I am just far enough inland where I currently reside, in the Florida panhandle, to rarely see a no-see-um (that’s an oxymoron, isn’t it?). Only when there is a strong southerly breeze carrying them up from the coast do they appear here. But I have had innumerable encounters and bites in other parts of the state.
Where I grew up on the south-western coast, in the town of Naples on the Gulf of Mexico, we called them sand flies. The variety there was particularly tiny and could pass through pretty much any normal screen. In the days before air conditioning was common, it could be pretty uncomfortable trying to sleep at night with those tiny monsters freely entering the house. Not to mention the fun I had running an early morning paper route with sand flies thick in the air. At least they made me forget about the mosquitoes!
Later, I moved quite a bit further up the Gulf coast to Steinhatchee. A larger species abounded there, known locally as sand gnats. The bite was, if anything, even worse, but the swarms weren’t quite so thick. Generally, the no-see-ums would be most active when it started to grow dark — they do not show up much in the sunshine.
I remember many encounters with the no-see-um on surf trips to the east coast. We would usually try to make it to the Atlantic before dawn — or would attempt some form of overnight camping — so the midges would be out in force. One had a choice of sweltering in the car with the windows closed or opening them and being eaten alive. Ah, they are almost as strong in my memories of Sebastian Inlet as the waves themselves.
The no-see-um is a part of Florida life, or used to be, as surely as anything else. But what brought them to my mind, today? A mention of them on Facebook, on a page dedicated to Flagler Beach, one of my favorite places and sorta-kinda the template for the fictional town of Cully Beach in my novel SHAPER (and the upcoming WAVES). I realized that putting a few words about the no-see-um into a fictional narrative is just the sort of detail that helps bring it to life, to make it more ‘real.’ So FB is occasionally good for something.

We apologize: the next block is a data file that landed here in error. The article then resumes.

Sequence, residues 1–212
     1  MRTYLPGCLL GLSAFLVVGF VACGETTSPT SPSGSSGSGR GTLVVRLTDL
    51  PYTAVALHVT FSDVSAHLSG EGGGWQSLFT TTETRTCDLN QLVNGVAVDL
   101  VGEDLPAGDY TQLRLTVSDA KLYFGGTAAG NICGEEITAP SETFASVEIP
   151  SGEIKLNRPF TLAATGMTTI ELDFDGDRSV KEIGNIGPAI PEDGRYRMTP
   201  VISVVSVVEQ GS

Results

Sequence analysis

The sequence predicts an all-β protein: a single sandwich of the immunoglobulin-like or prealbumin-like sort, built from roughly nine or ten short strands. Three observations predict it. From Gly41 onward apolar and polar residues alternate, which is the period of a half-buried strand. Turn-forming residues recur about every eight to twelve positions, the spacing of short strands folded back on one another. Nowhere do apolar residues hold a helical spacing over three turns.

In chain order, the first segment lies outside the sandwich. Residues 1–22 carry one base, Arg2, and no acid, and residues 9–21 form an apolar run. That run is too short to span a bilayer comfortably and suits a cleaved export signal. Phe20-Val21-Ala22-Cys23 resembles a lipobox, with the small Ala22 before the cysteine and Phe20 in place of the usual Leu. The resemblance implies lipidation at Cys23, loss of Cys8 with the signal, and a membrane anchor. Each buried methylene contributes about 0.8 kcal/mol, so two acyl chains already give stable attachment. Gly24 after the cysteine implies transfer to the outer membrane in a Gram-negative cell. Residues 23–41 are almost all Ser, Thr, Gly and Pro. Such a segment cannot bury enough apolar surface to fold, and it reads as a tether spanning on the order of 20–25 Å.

Of course, they can also be symbolic of something. What might a no-see-um signify? If nothing else, that even a seeming paradise may not be perfect. There is always the hidden problem. That little things matter. And so on.
I rarely put any direct, overt symbolism in my stories but I also recognize that everything in fiction is a metaphor, on some level. I know I put this sort of thing in without actually thinking about it, sometimes, and only recognize the symbolism, the implicit meaning to it, on rereading. Then I might change a few things to support it, but never to make it obvious. Indeed, I might try to make it less obvious.
In ‘The Bonfire of the Vanities,’ Tom Wolfe includes a painfully wordy scene in which a swarm of gnats become just such an overt symbol. Some readers (and critics) may find that sort of thing impressive but to me it is just bad writing. Why? Because it does not really serve the story. It is a flight of self-indulgence, of ‘aren’t I clever?’
Maybe a symbol should be like a no-see-um, something you don’t know is there until it bites you. Or buzzes in your ear. (Now I am the one trying to be clever, aren’t I?)
The no-see-um is a fact of life in Florida. It may not get the press of the mosquito, but it is every bit as common. Whether as a realistic detail, a metaphor, or a pest, I know I’ll be dealing with it from time to time.
Stephen Brooke ©2016